I’m just going to be forthright about it: I have weird thumbs. The truth is that weird is relative (especially my relatives), and I’m pretty convinced that the rest of the world has weird thumbs, and I’m one of the few who have normal and proper thumbs. But by majority standards, I have unusual thumbs, especially my left thumb, which is somewhat short and stumpy. They say no one is perfect, so I guess that’s why I need to have unusual thumbs.

Last week, Air Canada announced that flight attendants will no longer be addressing passengers as “ladies and gentlemen.”1 They claim that the move is being made to respect “identity, diversity, and inclusion.” From now on, passengers will be addressed as “Everybody.”

This past Friday night, I’m sure everyone who davened at Kehillas Zichron Yaakov came home from shul and spoke about the d’var Torah recited before Maariv. I’m also sure I’m not the only one whose wife asked her husband when he walked in from shul if davening was over already. Why? Because the speech consisted of an excellent thought from the Brisker Rav, that was repeated – from start to finish – in under 90 seconds.

I really wanted the Houston Astros to lose the World Series! It wasn’t simply because I’m a disgruntled and resentful Yankees fan, and wanted to see the team that ousted the Yankees get beaten (though that may have also been true). I had a much better reason: If they had won, it would have messed up this article. I told my students that I had a great thing to tell them, but it was contingent upon the Astros losing the World Series.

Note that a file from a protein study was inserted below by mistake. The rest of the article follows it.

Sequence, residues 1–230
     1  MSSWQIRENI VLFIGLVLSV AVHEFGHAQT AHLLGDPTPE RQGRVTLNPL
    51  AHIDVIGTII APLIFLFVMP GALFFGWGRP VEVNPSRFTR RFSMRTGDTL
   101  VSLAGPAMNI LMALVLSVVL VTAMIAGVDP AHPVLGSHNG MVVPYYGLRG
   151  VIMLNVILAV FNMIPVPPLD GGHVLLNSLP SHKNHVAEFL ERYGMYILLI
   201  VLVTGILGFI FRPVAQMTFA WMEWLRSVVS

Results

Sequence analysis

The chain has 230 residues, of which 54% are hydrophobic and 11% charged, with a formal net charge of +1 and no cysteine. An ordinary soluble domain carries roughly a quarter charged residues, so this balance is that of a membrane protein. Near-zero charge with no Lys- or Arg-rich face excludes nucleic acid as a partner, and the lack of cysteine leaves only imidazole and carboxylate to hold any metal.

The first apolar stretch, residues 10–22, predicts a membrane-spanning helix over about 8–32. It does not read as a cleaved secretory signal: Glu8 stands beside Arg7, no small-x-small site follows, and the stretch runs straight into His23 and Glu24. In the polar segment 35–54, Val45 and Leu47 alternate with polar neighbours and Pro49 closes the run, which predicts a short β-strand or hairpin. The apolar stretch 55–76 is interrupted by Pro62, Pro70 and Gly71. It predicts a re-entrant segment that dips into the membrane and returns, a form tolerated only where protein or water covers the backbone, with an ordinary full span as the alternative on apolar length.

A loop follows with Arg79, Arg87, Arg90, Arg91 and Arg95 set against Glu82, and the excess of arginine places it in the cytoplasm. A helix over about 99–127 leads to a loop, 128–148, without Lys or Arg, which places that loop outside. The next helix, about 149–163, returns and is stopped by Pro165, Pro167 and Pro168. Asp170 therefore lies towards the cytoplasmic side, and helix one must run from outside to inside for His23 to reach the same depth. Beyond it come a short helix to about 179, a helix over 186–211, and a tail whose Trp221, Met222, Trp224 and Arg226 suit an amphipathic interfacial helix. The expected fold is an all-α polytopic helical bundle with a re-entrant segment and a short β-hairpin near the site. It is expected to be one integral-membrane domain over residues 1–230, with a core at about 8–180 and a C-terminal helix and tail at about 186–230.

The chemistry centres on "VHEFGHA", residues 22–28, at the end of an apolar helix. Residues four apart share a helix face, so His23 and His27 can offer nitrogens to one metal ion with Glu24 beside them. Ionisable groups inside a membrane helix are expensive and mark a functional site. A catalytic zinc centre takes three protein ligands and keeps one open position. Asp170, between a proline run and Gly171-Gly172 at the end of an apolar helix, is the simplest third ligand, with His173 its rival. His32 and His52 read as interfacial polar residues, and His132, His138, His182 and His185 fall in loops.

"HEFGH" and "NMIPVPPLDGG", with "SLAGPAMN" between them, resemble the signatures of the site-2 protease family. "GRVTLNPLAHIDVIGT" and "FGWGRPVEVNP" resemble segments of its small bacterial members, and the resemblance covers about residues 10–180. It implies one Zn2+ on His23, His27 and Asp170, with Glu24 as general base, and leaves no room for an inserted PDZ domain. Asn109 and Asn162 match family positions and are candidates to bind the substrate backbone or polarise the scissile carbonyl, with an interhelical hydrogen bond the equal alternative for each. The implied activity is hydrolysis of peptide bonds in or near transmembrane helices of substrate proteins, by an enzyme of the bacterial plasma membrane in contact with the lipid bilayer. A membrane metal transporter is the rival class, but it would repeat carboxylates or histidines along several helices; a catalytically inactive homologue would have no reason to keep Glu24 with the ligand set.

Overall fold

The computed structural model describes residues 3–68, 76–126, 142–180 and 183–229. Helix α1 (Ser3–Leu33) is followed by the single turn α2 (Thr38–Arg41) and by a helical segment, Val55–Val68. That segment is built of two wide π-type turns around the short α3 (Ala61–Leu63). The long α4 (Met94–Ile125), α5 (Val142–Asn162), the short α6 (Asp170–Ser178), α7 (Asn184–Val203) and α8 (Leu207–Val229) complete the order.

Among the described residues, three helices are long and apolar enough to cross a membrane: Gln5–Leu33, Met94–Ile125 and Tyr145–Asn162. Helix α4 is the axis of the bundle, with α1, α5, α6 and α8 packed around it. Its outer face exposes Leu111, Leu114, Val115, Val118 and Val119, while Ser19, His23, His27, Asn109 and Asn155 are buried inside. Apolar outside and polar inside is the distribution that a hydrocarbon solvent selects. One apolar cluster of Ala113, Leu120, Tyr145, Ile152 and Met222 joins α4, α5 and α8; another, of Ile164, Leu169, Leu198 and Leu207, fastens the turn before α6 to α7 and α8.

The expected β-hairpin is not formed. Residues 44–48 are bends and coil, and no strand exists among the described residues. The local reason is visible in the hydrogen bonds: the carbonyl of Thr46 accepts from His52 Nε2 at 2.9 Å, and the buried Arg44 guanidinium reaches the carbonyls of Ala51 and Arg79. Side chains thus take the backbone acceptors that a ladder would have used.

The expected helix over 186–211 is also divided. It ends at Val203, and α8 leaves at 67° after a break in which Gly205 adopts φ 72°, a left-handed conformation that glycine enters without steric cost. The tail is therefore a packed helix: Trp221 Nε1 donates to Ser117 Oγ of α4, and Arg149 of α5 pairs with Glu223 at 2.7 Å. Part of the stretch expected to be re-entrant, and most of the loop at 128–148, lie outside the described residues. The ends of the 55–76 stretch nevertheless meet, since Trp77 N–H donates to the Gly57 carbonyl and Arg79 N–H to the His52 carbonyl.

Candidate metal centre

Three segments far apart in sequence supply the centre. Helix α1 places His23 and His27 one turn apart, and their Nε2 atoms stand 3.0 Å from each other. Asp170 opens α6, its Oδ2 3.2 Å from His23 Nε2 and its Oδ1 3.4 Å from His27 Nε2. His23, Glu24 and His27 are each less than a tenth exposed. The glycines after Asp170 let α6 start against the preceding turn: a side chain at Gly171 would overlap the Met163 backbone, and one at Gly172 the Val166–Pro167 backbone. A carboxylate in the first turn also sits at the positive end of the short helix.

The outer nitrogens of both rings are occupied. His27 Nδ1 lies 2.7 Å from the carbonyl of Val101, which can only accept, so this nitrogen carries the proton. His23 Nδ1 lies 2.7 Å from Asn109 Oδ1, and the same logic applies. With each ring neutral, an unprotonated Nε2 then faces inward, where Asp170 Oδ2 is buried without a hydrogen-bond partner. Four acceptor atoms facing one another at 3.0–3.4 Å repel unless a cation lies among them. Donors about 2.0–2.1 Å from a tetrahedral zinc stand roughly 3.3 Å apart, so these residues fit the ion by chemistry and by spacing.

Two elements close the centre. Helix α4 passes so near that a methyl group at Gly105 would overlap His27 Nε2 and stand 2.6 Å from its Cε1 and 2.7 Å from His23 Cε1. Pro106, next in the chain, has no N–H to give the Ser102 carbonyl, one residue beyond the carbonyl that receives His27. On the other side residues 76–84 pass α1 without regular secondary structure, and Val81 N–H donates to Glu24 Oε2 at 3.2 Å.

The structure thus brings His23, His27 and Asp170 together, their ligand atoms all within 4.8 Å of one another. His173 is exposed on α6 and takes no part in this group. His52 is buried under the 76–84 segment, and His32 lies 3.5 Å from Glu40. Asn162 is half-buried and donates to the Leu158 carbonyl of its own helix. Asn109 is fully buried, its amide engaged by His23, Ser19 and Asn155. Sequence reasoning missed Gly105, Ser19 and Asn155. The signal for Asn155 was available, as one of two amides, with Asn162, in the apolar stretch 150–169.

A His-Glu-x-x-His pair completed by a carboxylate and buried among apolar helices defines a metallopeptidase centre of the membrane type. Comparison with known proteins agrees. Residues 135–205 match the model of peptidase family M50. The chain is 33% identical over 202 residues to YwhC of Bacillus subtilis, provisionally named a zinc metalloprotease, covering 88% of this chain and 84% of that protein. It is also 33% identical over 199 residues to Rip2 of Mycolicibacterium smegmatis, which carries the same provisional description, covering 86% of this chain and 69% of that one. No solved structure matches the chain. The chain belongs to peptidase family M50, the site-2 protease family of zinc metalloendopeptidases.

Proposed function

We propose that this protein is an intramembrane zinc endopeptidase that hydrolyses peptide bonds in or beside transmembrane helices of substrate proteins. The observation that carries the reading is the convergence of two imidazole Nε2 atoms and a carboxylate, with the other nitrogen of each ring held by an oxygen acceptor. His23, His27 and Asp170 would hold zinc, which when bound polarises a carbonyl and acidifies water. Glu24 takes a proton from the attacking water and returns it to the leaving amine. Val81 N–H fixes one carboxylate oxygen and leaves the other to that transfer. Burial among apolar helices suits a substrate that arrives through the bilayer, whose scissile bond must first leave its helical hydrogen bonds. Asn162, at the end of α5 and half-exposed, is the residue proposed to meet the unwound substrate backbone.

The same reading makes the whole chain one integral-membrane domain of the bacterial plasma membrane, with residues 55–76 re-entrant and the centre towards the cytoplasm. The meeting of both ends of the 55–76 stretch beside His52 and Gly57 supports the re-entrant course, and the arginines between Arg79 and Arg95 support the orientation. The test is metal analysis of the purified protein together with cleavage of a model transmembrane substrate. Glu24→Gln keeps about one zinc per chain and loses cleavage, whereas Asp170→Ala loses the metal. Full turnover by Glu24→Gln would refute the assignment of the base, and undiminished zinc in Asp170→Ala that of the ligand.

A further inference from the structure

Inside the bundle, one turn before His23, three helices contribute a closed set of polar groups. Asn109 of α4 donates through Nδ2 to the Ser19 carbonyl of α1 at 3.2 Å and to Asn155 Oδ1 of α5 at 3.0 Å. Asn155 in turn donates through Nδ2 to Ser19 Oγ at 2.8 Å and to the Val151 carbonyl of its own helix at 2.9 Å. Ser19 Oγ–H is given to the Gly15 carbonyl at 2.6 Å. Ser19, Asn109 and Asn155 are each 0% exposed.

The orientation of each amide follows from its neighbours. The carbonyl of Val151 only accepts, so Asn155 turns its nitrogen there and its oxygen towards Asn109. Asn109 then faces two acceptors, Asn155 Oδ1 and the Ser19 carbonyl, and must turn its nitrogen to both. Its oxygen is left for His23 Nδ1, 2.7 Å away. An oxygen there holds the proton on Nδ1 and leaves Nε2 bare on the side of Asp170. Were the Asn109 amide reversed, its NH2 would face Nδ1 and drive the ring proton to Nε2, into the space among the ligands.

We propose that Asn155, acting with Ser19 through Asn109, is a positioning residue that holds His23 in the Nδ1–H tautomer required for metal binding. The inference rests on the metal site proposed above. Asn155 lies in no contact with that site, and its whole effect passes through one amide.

A few weeks ago, our family celebrated the upsherin (first haircut, at the age of three) of our twins, Gavriel and Michael. Before their official haircuts, we took them for the “first cutting” and to receive brachos from our rebbe Rabbi Chaim Schabes, my uncle Rabbi Yaakov Cohn, and the Nikolsburg Rebbe. Needless to say, the cutting and brachos of their grandparents were special and meaningful, too.

Anyone who lives in Monsey (or Rockland County) is familiar with the challenge of driving on the Palisades Interstate Parkway at night. During the day, the parkway boasts beautiful scenery of passing trees, especially during the fall foliage season. But at night, there is nothing to see but passing white lines, making the trip arduous and monotonous.